Social work as a practice
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Published: Mon, 5 Dec 2016
Social work as a practice is of recent origin and attempts to meet the needs of people especially those in urban areas. In essence, it is a professional activity of helping individuals or communities enhance or restore their capacities to a social functioning and to create societal conditions favorable to their goals. It aims to improve the quality of human life as well as show commitment towards social justice (Ryan and Hughes, 1998). Individuals, families, communities and organizations are able to attain their full potential by seeking social work related services. The need for such services has been extended to cater for children as they are currently facing challenges that hinder their proper development. This has become the main focal point of this document.
First of all, as mentioned above, social work is aimed at improving the livelihoods of people and engaging them constructively to attain their full potential. This cuts across all generations including children. Several reasons have contributed to my desire in working within the Public Child Welfare system. The system is driven by the aim to promote the safety, wellbeing and permanency of children as well as families (Ryan and Hughes, 2006). Most children experience situations such as being deprived of parental care, abuse ranging from physical, sexual, emotional to neglect, marital conflicts, stigma related issues, unfavorable socioeconomic conditions (Weaver et al., 2006) that expose them to scenarios such as opting for prostitution.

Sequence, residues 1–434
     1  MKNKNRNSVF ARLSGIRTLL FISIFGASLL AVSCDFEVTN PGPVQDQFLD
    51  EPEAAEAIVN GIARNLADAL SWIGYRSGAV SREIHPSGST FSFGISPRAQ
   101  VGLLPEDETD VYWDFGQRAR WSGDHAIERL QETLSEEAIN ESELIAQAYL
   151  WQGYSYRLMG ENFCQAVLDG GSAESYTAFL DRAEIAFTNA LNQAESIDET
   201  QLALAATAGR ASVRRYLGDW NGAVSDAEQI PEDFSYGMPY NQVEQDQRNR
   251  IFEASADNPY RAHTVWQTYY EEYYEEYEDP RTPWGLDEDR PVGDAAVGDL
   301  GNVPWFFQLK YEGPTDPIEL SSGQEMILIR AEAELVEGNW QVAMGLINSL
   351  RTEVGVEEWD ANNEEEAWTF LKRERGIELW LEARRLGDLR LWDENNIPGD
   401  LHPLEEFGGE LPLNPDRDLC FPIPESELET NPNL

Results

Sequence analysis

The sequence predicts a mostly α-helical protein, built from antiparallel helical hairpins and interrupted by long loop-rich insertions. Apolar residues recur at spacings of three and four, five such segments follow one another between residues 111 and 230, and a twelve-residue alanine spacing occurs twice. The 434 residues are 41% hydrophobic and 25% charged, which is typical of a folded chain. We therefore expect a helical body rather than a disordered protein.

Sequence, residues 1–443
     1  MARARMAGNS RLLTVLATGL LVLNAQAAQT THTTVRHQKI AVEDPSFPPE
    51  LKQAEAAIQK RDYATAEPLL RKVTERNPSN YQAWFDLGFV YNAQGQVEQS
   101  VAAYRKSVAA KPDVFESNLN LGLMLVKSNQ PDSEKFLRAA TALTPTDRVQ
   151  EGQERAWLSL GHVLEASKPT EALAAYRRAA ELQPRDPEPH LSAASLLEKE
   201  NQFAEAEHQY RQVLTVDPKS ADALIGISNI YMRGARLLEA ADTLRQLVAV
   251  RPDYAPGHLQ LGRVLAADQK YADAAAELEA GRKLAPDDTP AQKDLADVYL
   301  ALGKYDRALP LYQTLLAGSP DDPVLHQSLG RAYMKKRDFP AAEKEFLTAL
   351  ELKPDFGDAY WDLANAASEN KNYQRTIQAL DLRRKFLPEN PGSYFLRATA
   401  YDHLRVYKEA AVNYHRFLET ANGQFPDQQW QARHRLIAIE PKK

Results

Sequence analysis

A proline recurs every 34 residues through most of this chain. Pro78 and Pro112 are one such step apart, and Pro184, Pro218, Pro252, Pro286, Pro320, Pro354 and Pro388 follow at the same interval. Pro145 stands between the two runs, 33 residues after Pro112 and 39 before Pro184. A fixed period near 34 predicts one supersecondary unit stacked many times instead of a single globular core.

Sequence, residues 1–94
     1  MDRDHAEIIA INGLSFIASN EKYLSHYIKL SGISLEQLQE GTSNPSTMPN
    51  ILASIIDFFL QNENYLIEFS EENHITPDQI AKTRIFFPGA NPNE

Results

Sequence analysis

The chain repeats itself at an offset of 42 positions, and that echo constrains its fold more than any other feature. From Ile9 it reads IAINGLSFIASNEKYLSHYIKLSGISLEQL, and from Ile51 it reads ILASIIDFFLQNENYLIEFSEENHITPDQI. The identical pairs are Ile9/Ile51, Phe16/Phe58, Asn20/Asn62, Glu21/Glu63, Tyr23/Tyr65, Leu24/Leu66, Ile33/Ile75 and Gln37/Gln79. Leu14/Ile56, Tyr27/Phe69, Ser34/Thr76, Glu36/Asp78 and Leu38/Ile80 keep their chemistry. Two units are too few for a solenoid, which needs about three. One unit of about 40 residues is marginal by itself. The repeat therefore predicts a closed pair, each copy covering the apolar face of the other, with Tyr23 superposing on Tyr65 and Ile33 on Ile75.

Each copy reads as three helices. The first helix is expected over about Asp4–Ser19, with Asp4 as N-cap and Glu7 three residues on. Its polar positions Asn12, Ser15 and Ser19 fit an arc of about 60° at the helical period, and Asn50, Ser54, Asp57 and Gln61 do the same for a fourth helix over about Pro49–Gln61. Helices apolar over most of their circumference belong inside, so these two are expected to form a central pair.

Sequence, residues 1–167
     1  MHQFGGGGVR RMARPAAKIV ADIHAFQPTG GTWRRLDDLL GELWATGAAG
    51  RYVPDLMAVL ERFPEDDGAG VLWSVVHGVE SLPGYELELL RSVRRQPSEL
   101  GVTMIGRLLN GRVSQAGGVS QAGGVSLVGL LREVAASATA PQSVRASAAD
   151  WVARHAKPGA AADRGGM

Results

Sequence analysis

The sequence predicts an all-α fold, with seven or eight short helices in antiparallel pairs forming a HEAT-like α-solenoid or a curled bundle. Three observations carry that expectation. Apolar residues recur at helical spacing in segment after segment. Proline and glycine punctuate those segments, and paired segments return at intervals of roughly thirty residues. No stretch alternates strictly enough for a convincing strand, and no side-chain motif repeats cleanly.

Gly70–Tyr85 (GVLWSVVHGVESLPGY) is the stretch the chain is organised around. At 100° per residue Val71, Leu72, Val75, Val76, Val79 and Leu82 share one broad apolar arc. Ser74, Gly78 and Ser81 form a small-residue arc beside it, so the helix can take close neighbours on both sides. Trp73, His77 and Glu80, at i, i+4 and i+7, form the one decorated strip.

Qualities Of A Good Child Protection Services Worker
For one to be a Child Protection Services worker, one has to meet the basic requirements which include a Bachelor’s degree in social work or a Master’s degree in social work, maintain substantial knowledge of current affairs pertaining to children’s welfare and be able to apply the knowledge acquired into structured settings.
One should be aware of the ethics and values which describe in detail the code of conduct. A commitment to the ethics and values of a Child Protection Services worker should be fully adhered to, be able to apply basic helping skills where one is able to respond to individual, group and community needs, engagement skills, observation skills, communication skills, empathy skills, resistance intervention and assessment skills. With these strengths I am able to carry out my duties as Child Welfare Protection Officer effectively and efficiently.
Challenges To Effective Child Welfare Service Provision